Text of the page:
There are a few other customs here that are followed to bring good fortune as well that I wanted to share.  The first is the placing of different “charms” around one’s home in order to ward off the evil spirit.  As I participated in the pottery village tour last year, the guide pointed out several masks that were placed near every home.  At our building, there are several to be found as well around the property.  I am not sure if it is the guards, the landlord, or the drivers that place them there but we are well protected.

One charm in the pottery village that hung from someone’s home to ward off evil.

Babies are also named based on their charts of astrology.  During the first year of a baby’s life, there is a custom followed here to ward off the “evil eye.”  Parents will place a black dot on the side of the face, or on the forehead.  I was told by a local that the parents don’t want people commenting on how beautiful the baby is because they fear it will bring an evil influence to the baby.  One Indian woman I have gotten to know that spent most of her life in America told me that even the parents that say they don’t believe in this tradition will still place a black dot behind the baby’s ear “just in case.”  Babies also have black bangles placed on their wrists to assist in helping ward off the evil.  The black “kajal” that is applied to baby’s eyes has a couple of meanings — first it is believed to give a cooling effect upon the eyes protecting them from the sun’s rays but also to ward off the evil eye.

This baby has “kajal” around his eyes.  The child in orange on the bottom picture has a small black dot on his forehead as well to keep him protected.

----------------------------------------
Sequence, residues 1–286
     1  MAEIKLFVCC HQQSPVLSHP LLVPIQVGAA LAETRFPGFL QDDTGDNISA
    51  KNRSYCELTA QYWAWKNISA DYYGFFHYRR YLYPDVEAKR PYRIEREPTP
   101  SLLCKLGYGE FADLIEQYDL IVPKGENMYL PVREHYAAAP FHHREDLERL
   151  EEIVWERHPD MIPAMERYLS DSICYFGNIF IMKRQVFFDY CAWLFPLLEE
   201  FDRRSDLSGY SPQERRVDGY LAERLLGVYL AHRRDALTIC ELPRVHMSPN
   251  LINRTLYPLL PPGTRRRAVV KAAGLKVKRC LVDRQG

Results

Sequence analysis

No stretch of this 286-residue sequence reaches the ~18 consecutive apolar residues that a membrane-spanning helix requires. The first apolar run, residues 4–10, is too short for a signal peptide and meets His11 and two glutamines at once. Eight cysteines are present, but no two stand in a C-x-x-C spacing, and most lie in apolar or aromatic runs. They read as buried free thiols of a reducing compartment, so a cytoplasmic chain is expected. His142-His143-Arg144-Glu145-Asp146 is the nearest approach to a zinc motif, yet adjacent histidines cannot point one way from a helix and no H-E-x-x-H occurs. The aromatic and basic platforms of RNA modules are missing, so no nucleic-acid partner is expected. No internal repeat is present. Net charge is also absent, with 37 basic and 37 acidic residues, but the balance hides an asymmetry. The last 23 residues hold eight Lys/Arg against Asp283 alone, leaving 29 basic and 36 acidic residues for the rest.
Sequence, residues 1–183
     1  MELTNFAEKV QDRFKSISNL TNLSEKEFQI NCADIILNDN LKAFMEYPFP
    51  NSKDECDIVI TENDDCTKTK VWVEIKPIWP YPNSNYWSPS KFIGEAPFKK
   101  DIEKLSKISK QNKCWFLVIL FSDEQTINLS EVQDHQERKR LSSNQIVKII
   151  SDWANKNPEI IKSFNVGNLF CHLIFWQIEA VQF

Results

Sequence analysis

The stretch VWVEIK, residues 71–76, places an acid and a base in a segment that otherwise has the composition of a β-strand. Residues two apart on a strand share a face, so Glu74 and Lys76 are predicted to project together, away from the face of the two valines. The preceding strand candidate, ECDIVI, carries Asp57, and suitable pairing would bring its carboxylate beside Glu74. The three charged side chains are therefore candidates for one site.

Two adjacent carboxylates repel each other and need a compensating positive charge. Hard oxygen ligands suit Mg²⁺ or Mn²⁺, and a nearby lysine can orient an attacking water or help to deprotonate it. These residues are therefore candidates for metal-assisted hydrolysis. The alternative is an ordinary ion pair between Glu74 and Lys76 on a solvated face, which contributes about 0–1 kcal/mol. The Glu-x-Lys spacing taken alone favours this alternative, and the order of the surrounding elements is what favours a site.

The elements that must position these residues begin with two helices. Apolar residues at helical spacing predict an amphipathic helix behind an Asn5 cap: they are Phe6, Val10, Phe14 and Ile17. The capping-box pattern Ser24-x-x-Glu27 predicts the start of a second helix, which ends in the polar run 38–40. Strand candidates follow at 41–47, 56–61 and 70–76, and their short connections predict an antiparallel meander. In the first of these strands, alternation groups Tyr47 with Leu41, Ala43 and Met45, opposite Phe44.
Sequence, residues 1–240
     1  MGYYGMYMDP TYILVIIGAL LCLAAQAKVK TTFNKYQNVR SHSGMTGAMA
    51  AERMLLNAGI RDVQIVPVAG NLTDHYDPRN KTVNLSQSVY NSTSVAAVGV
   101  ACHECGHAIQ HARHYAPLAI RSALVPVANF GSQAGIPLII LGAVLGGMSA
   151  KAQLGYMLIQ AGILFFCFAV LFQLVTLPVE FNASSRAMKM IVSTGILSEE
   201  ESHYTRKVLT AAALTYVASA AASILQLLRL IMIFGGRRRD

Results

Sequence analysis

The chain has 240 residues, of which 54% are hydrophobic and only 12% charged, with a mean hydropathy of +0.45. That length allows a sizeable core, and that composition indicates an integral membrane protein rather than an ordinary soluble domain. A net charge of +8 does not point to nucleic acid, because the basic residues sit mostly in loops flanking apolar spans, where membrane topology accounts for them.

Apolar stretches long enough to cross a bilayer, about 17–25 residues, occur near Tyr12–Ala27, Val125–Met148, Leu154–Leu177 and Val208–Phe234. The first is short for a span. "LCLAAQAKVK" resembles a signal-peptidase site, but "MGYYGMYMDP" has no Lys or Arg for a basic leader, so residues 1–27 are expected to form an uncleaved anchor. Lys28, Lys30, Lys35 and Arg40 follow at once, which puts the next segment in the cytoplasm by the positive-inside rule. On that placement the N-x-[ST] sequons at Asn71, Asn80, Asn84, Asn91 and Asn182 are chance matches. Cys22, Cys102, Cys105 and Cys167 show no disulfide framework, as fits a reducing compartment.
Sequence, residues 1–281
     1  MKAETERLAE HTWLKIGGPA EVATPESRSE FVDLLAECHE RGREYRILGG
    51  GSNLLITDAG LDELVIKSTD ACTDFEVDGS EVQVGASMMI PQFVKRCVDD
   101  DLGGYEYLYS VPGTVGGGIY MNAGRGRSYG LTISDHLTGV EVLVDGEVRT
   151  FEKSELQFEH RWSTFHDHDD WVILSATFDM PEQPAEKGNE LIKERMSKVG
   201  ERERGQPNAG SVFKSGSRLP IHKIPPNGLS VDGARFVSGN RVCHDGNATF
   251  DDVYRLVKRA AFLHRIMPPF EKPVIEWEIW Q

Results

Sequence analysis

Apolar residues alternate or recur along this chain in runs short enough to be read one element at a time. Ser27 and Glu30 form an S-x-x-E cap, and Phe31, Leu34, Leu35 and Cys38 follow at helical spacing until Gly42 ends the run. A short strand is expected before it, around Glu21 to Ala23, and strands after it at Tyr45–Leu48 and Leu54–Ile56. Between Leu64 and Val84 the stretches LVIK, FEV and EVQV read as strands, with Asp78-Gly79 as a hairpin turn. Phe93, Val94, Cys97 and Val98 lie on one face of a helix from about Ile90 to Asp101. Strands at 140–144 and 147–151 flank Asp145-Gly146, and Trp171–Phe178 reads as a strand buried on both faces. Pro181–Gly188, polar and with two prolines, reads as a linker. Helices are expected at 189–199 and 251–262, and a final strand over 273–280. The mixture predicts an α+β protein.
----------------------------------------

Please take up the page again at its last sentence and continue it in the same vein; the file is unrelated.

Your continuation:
Another Indian custom, which we all identify with India is the “bindi” a woman wears.  This dot has mystical meaning and is only worn by Hindus, thus a physical identifier that the woman is Hindu, although I have met women who are not Hindu that wear it.  It represents a third eye of spiritual sight which sees things physical eyes cannot.  According to some of the facts I read on bindis, it states that if it is a red bindi it means the woman is married and sometimes those women not married will wear a black bindi to ward off the “evil eye” of course.  What I see happening today, though, is that the bindi has become a piece of fashion and the color of the bindi is worn to correlate with what the woman is wearing whether she is married or not.  Until researching the bindi I didn’t understand it’s true meaning of being a reminder to use and cultivate this spiritual vision so I am unsure how much this concept is taught and understood.


“Auspicious” days and events are smiled upon by everyone but it is amazing to me how moving to a different culture has brought this word into my vocabulary.  I am not one to read horoscopes or have palms read but I am grateful for those moments where I fell fortunate, prosperous and that things were well timed — in other words, auspicious!